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Nation & World Briefs


Tuesday, June 12, 2018
For Trump and Kim, maybe the spectacle is what truly counted

NEW YORK — Put aside the “deliverables” and the “outcomes” and the “takeaways.” Put aside, for argument’s sake, the question of what was actually accomplished, at least in the way that we usually use the word. Put aside your politics, even — if only for a moment.

The summit that brought Donald Trump of Washington and Kim Jong Un of Pyongyang together for gripping, grinning and talking Tuesday is being vigorously debated across the planet for what it did, what it didn’t do and who emerged on top.

Strip away the spectacle and look for the substance, the pundits insist. But what if that’s not the whole point? What if, on a sunny tropical morning in Singapore, the spectacle itself was the most substantial thing of all?

“People thought this could never take place. It is now taking place,” Trump said after the meeting. And in that he is utterly correct. A decade ago, a year ago and certainly six months ago, the notion of these two sitting down together — “Little Rocket Man” and the “deranged U.S. dotard,” as they derisively called each other — seemed unfathomable.

This is not a meditation on whether it was right for Trump to meet with Kim, or whether by doing so he legitimized a despot. That’s up to you to decide. Instead, let’s examine whether, in a modern media age when we do so many things remotely and then move on with lightning speed, an old-fashioned tete-a-tete — no matter how high-profile or tabloidy — is still important of its own accord.

Puerto Rico issues new data on Hurricane Maria deaths

SAN JUAN, Puerto Rico — Eight days after Hurricane Maria devastated Puerto Rico, Efrain Perez felt a pain in his chest.

Doctors near his small town sent him to Puerto Rico’s main hospital for emergency surgery for an aortic aneurysm. But when the ambulance pulled into the parking lot in the capital, San Juan, after a more than two-hour drive, a doctor ran out to stop it.

“He said, ‘Don’t bring him in here, I can’t care for him. I don’t have power. I don’t have water. I don’t have an anesthesiologist,’” Perez’s daughter, Nerybelle, recalled.

The 95-year-old Perez died as the ambulance drove him back to southwestern Puerto Rico but he is not included in the island’s official hurricane death toll of 64 people, a figure at the center of a growing legal and political fight over the response to the Category 4 storm that hit Puerto Rico on Sept. 20, 2017.

Facing at least three lawsuits demanding more data on the death toll, Puerto Rico’s government released new information on Tuesday that added detail to the growing consensus that hundreds or even thousands of people died as an indirect result of the storm.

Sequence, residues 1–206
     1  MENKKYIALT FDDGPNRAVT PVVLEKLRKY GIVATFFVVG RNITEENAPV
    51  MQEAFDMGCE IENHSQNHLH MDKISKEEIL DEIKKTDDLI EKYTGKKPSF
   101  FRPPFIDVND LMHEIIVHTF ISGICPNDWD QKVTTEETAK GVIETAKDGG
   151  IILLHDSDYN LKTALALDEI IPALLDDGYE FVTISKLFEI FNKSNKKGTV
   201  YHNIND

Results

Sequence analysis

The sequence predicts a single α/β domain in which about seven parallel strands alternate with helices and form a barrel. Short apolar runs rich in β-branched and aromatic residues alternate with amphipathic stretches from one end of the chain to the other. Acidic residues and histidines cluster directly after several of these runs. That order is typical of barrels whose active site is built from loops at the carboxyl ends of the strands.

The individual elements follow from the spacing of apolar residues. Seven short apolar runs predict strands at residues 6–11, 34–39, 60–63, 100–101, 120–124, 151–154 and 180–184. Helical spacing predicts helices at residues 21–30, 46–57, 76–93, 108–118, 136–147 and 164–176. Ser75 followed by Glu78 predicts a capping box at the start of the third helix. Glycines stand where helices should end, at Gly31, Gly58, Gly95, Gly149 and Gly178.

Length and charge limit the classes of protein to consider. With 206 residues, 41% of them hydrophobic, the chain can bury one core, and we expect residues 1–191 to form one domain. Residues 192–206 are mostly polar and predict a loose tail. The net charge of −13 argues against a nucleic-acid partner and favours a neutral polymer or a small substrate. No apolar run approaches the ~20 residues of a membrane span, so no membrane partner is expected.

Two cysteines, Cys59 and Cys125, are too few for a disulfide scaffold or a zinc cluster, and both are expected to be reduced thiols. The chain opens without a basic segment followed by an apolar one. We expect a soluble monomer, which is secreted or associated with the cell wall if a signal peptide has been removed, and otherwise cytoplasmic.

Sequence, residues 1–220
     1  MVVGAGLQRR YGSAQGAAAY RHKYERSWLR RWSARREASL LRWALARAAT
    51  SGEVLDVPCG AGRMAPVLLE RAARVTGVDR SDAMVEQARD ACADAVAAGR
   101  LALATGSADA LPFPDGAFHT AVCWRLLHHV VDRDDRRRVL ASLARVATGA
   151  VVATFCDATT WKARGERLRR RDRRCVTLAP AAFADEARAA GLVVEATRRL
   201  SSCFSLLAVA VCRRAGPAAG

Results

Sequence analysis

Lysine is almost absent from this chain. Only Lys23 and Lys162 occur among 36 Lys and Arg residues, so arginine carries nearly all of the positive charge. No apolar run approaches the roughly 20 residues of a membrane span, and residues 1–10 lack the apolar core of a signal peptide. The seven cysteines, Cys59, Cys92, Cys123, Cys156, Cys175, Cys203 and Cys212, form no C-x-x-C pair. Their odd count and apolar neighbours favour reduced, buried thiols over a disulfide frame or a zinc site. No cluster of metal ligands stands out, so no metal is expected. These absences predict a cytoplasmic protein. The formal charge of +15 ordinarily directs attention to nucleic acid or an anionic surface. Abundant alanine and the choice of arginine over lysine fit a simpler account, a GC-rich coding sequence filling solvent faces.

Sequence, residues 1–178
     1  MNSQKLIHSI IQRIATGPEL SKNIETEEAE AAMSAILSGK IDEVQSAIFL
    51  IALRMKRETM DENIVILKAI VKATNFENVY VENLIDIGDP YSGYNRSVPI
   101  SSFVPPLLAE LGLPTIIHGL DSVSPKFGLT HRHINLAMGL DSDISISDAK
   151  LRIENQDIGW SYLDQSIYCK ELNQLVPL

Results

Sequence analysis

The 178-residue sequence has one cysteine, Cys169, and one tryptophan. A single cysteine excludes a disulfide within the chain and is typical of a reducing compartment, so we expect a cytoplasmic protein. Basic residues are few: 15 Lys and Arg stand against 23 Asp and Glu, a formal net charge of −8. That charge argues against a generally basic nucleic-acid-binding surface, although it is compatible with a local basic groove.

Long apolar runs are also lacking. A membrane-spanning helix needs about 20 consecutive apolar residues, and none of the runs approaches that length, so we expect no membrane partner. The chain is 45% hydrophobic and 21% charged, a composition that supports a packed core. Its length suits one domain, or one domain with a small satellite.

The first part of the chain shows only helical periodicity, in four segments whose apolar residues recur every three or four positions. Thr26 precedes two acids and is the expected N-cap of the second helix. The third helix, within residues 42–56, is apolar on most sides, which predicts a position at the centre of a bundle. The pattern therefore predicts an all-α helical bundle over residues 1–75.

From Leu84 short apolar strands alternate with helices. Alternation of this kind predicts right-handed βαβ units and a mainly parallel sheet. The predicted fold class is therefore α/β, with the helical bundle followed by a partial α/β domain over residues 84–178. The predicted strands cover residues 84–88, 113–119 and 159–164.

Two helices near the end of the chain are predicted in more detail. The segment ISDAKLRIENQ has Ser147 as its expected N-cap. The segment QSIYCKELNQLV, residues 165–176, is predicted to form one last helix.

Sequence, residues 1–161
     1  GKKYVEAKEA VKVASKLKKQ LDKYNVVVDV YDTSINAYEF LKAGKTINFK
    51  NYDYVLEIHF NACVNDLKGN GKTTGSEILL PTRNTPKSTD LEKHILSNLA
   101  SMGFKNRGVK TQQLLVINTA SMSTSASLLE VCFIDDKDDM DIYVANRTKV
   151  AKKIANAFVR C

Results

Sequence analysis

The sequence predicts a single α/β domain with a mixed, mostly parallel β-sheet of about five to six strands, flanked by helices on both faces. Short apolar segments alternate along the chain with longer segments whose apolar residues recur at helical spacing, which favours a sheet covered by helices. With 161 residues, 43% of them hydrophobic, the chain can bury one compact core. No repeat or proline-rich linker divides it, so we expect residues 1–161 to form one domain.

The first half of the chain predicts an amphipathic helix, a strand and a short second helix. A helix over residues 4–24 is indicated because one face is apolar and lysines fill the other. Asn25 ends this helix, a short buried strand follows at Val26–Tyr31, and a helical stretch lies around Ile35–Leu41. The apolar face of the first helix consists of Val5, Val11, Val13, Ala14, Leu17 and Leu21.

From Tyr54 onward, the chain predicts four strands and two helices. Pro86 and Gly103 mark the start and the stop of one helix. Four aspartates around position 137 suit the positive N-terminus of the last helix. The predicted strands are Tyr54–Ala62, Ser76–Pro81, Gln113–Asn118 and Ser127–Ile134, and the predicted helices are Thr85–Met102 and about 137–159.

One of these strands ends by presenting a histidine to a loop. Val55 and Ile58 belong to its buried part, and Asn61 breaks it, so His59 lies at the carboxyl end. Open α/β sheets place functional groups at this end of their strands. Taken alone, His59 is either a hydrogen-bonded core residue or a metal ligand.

AMA adopts sweeping policies to cut gun violence

CHICAGO — With frustration mounting over lawmakers’ inaction on gun control, the American Medical Association on Tuesday pressed for a ban on assault weapons and came out against arming teachers as a way to fight what it calls a public health crisis.

At its annual policymaking meeting, the nation’s largest physicians group bowed to unprecedented demands from doctor-members to take a stronger stand on gun violence — a problem the organizations says is as menacing as a lethal infectious disease.

The action comes against a backdrop of recurrent school shootings, everyday street violence in the nation’s inner cities, and rising U.S. suicide rates.

“We as physicians are the witnesses to the human toll of this disease,” Dr. Megan Ranney, an emergency-medicine specialist at Brown University, said at the meeting.

AMA delegates voted to adopt several of nearly a dozen gun-related proposals presented by doctor groups that are part of the AMA’s membership.

Seattle repeals corporate tax after Amazon fights back

SEATTLE — Seattle leaders on Tuesday repealed a tax on large companies such as Amazon and Starbucks after a backlash from businesses, a stark reversal from a month ago when the City Council unanimously approved the effort to combat a growing homelessness crisis.

The council voted 7-2 after supporters and opponents packed a meeting with signs saying, “Tax Amazon, housing for all” and “No tax on jobs,” with some shouting for more time to discuss the issue.

The vote showed Amazon’s ability to aggressively push back on government taxes, especially in its affluent hometown where it’s the largest employer and where some have criticized it for helping cultivate a widening income gap that is pricing lower-income workers out of housing.

The tax was proposed as a progressive revenue source aimed at tackling one of the nation’s highest homelessness numbers, a problem that hasn’t eased even as city spending on the issue grew.

Businesses and residents demanded more accountability in how Seattle funds homelessness and housing and said it should take a regional approach to the problem. Many worried that Amazon and others would leave the city, with construction workers in hard hats and safety packing City Hall to object to the tax.

From The Associated Press